Kansai Scene Magazine


Forty-seven or bust

One man's quest to visit every prefecture in Japan

There cannot be many people who have visited all of Japan's 47 prefectures, let alone many non-Japanese, yet Australian Nick Clapham, a former resident of Osaka's Kyobashi area, recently managed this achievement - and what makes his story even more impressive is that he toured every prefecture by motorcycle.

Nick's fascination with Japan began at an early age. As a young child growing up in the 1970s, he enjoyed studying geography and says he was particularly interested in Australia's Asian neighbours:

"At that time Asia was synonymous with poverty, but there was one exception to the rule, and that was Japan. It was then becom- ing one of the world's richest countries, and even as a child I was acutely aware of the difference between Japan and the rest of Asia - not only in terms of its wealth, but also its culture."

His interest in Japanese culture grew, and after graduating from university he found a job teaching English in Japan. Arriving here in 1999, he enthusiastically set about exploring the country. Travelling by train and bus, he had visited almost 40 prefectures by 2004. By that time though, he had become frustrated with the limita- tions of public transport. Wishing to get off the beaten track more, Nick realised that buying a motorbike would be the best way to gain the freedom to travel wherever and whenever he pleased. Getting his own transport was clearly the next logical step in his quest to see as much of Japan as possible, but this presented him with a difficult challenge.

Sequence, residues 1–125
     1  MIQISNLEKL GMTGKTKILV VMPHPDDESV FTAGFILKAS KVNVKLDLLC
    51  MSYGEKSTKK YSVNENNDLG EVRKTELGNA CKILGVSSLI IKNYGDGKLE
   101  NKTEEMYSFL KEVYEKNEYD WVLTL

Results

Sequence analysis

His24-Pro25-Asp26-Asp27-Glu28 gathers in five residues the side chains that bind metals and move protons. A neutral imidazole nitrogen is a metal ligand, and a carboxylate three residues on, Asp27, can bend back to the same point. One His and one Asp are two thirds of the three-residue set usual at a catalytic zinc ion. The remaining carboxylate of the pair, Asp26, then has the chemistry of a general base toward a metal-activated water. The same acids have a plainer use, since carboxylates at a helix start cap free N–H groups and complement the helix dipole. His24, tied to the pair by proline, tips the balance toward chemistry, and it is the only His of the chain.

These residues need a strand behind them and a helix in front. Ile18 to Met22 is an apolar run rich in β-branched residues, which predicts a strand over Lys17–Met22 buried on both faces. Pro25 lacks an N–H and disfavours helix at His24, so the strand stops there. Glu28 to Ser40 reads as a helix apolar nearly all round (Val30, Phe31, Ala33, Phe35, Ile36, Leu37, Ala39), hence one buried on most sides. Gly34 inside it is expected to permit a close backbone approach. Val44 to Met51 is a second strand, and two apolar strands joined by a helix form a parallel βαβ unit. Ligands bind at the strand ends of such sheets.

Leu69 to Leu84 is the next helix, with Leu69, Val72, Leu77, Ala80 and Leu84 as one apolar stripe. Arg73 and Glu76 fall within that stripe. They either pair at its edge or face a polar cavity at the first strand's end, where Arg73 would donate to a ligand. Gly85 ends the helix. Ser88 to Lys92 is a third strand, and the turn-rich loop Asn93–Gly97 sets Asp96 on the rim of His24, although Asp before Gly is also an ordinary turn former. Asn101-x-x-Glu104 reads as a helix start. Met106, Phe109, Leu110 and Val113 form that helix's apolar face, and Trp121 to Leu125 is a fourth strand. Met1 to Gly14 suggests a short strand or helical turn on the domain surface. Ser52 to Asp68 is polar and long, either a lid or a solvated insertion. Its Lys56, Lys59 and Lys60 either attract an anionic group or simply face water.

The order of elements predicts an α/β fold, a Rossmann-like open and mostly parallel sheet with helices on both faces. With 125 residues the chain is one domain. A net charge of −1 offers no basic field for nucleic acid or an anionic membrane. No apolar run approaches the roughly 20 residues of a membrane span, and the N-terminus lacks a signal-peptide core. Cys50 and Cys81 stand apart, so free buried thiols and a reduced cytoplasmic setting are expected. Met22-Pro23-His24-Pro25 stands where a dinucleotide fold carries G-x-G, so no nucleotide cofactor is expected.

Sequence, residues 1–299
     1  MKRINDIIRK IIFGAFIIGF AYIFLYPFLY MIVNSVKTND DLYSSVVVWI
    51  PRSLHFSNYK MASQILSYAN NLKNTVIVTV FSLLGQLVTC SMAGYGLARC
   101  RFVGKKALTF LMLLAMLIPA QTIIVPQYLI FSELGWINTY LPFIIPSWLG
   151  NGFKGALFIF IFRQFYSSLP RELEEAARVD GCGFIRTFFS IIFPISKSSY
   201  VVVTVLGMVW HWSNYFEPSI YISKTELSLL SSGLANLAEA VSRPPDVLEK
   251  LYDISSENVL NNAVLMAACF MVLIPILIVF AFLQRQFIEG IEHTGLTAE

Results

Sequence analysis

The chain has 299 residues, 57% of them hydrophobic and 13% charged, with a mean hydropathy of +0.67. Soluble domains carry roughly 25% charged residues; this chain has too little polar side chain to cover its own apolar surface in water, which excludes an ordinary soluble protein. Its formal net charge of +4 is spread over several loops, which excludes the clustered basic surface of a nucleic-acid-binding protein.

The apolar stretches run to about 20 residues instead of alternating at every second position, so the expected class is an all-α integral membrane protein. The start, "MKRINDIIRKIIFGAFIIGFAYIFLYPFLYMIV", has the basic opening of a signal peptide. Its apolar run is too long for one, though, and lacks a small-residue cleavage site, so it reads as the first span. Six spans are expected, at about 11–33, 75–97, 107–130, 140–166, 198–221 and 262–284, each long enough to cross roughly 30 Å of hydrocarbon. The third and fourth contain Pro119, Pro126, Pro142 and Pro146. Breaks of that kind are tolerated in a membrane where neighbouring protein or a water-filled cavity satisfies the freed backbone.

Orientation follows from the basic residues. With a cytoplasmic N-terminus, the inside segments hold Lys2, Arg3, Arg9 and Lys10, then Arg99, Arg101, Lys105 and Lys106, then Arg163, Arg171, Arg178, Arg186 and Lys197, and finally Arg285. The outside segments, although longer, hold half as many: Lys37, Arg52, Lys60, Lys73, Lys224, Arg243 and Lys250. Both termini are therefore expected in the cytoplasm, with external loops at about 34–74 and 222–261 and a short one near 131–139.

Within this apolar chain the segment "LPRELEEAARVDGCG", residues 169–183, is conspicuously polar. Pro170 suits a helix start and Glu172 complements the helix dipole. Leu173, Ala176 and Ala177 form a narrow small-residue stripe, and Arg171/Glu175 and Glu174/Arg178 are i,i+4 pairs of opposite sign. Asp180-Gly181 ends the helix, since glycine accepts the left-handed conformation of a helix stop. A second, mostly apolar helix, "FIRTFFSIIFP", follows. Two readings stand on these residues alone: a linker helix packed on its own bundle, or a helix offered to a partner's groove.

"I had never ridden a motorbike or even driven a car, so before I got my bike I had to go to a Japanese driving school," he says. "And like many things for foreigners living in Japan, that's a very long and tedious process."

The first hurdle to overcome was a series of 53 compulsory lectures in Japanese. "It was really advanced stuff and I couldn't understand much," Nick recalls. "But I had to attend, so they gave me a copy of the textbook in English."

"It was funny being the only foreigner there - the lecturer would be talking away in Japanese, and then he'd suddenly say, like 'you in the back, turn to page sixty-five.' You'd hear this single English sentence, and the entire class would turn around and stare. That was quite a strange experience!"

Despite lacking the language ability to learn much from the lectures, Nick's English-language textbook proved invaluable. His determination to get a driving license motivated him to memorise its entire contents; as a result he was able to answer all three hundred questions correctly on the written test to gain a perfect score.

After the written test came three hours of first aid training, followed by twelve hours of practical riding lessons. Then came the practical test, which he failed on the first attempt. On his second attempt, Nick passed the test, and was able to buy his first motorcycle - a 400cc Suzuki Skywave scooter - finally gaining the freedom to explore previously inaccessible areas of the country. He then began touring the prefectures he had already visited more extensively, and travelling to the remaining prefectures he had never been to before. Last year he made it to his 47th and final prefecture, Okinawa - a place he originally had no intention of visiting.